For a few months I thought about selling my Pentax K1000. The mirror was sticky, it needed new seals, plus we really, really needed the money.
But then I realized…my Pentax is the only one of my film cameras I can freelens with.
I have only one other film SLR: the Canon EOS Rebel T2, but it refuses to take pictures without a lens attached. Even in manual mode, the mode where I’m supposed to be in charge.
So I sold my speedlight instead, then sent out my Pentax to have the seals replaced and the shutter looked at, and I came home from Cedar Point to a box on my counter. I quickly tore off the tape, loaded the camera with some HP5 and immediately began to marvel at the dreamy world beyond my viewfinder. Moving the 50mm up and down and this way and that way, I felt a calm I haven’t felt since I first plunged into film.
I was me.
My husband bought me a Canonet as a Christmas present in 2011. I wanted a small, vintage camera that I could tinker with and carry around with me when I needed an artistic nudge. At the time I was still using all of my cameras on auto (I know…bad Lina) and I had no idea how to use this thing.
It only added to the intrigue, really.
Sadly, I was only able to get about one good roll before the shutter button stopped working (on my 25th birthday…while on vacation in Chicago).
I was brokenhearted, but after calling around we realized it was going to cost more to repair the Canonet than what my husband paid for it. I sighed, placed it on the shelf with my other cameras, and figured it was over. Occasionally I would lift the camera and make a pouty face, sigh again, and return it to its place.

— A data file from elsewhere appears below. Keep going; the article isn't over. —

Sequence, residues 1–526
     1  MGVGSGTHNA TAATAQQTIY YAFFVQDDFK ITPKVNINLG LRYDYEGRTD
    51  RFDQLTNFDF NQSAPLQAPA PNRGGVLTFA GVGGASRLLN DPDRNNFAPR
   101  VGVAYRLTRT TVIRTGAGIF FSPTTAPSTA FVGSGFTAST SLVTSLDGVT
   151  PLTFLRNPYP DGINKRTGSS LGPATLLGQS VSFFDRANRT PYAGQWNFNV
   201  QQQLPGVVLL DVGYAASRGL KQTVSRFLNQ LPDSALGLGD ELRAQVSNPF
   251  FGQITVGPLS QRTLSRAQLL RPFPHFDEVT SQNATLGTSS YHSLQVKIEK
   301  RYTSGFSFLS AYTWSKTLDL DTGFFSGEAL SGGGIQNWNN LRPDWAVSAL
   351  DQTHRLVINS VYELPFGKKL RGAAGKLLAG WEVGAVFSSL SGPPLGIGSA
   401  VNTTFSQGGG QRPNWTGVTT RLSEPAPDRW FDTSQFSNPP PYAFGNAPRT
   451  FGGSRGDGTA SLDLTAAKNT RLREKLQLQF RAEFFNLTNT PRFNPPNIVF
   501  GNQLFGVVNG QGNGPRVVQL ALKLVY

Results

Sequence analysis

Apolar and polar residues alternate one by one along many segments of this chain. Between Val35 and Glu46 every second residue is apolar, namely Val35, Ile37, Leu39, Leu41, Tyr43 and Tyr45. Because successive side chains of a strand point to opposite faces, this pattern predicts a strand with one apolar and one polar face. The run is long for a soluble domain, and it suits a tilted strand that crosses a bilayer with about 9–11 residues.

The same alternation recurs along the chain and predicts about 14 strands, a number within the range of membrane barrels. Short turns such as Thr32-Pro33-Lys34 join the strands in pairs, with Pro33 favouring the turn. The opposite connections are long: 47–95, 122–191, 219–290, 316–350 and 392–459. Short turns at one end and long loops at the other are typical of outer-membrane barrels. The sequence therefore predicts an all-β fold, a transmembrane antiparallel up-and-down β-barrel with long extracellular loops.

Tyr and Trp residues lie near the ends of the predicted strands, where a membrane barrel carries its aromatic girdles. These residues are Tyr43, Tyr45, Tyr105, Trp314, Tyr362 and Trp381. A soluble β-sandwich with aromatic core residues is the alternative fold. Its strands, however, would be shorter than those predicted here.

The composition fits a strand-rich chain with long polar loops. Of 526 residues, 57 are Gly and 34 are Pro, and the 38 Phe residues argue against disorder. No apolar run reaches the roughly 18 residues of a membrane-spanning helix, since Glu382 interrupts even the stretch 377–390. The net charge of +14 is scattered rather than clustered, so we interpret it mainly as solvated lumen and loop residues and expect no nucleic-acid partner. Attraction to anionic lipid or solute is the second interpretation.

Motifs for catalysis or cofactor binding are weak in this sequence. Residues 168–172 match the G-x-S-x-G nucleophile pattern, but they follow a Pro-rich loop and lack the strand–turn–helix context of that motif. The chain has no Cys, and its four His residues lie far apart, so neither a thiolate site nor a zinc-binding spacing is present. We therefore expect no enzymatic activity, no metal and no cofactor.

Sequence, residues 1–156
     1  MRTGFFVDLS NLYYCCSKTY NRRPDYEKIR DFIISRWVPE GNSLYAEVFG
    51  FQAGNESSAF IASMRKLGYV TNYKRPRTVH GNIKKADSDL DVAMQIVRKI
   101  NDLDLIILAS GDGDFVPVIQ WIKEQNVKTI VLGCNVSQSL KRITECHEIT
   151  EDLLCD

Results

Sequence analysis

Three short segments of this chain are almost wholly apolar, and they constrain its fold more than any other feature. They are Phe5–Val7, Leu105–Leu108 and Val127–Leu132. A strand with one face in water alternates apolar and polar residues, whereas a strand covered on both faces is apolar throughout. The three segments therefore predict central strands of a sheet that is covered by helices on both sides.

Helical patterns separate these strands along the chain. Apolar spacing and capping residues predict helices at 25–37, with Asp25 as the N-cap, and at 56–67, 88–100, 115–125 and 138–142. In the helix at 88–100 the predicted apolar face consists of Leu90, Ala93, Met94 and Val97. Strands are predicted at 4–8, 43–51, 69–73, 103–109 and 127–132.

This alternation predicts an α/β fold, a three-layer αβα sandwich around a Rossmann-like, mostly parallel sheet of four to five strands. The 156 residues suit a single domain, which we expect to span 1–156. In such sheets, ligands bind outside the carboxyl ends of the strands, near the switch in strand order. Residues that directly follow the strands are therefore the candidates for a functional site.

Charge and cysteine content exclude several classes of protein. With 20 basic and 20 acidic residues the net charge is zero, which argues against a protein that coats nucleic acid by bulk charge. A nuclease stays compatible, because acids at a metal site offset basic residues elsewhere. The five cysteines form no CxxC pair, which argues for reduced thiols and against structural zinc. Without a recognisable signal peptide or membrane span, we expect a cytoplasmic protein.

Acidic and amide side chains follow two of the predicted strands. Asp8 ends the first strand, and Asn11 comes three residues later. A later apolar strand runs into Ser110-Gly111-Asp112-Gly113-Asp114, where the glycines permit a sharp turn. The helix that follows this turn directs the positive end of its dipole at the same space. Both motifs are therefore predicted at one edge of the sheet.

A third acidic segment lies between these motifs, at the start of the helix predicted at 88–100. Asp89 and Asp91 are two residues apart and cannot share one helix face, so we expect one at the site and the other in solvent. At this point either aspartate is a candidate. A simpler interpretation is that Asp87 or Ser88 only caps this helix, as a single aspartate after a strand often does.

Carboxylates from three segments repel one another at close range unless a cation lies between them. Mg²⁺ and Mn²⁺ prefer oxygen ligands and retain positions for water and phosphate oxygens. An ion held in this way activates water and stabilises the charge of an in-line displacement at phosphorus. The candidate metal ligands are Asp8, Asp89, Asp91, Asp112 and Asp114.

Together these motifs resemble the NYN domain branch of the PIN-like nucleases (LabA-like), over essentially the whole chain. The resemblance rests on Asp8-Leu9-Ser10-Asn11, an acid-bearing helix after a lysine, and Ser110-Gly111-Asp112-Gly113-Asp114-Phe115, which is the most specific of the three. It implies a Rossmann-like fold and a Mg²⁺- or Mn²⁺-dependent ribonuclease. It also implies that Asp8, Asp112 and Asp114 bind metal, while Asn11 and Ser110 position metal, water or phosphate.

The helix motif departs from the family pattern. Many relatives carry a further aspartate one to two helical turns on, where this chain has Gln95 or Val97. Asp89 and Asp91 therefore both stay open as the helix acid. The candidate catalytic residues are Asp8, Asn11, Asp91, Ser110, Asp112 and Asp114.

Goodbye Canonet….or so I thought.
I recently got my Canonet QL17 GIII fixed (YAY!) and also bought some batteries for my Canon EOS Rebel T2, which means I’ve been living in film-land for the past week or so. Still, despite my excitement, I didn’t finish my first roll–a roll of FP4 that had been sitting in my Rebel since the battery died eons ago–until over the weekend when we went to Graham Cave.
With my LegacyPro Eco-Pro still on its way, I figured I’d just sit and twiddle my thumbs over a growing pile of used film until it arrived. But last night I couldn’t take it anymore. I had the tools to make caffenol, and after a quick trip to GNC to get some real vitamin C powder, I pulled on some rubber gloves and located the CM-RS recipe in the Caffenol Cookbook.
I’ve been contemplating developing my own film for some time (years). It’s cheaper than sending it in, and would give me a more hands-on experience with photography. Merely uploading and editing has started to lose its pizzazz.
So, last Saturday I decided to just go for it. I bought a two-reel tank and the ingredients for caffenol. For those who don’t know, a recipe usually calls for washing soda, iodized salt, vitamin C crystals, and the best ingredient of all, coffee.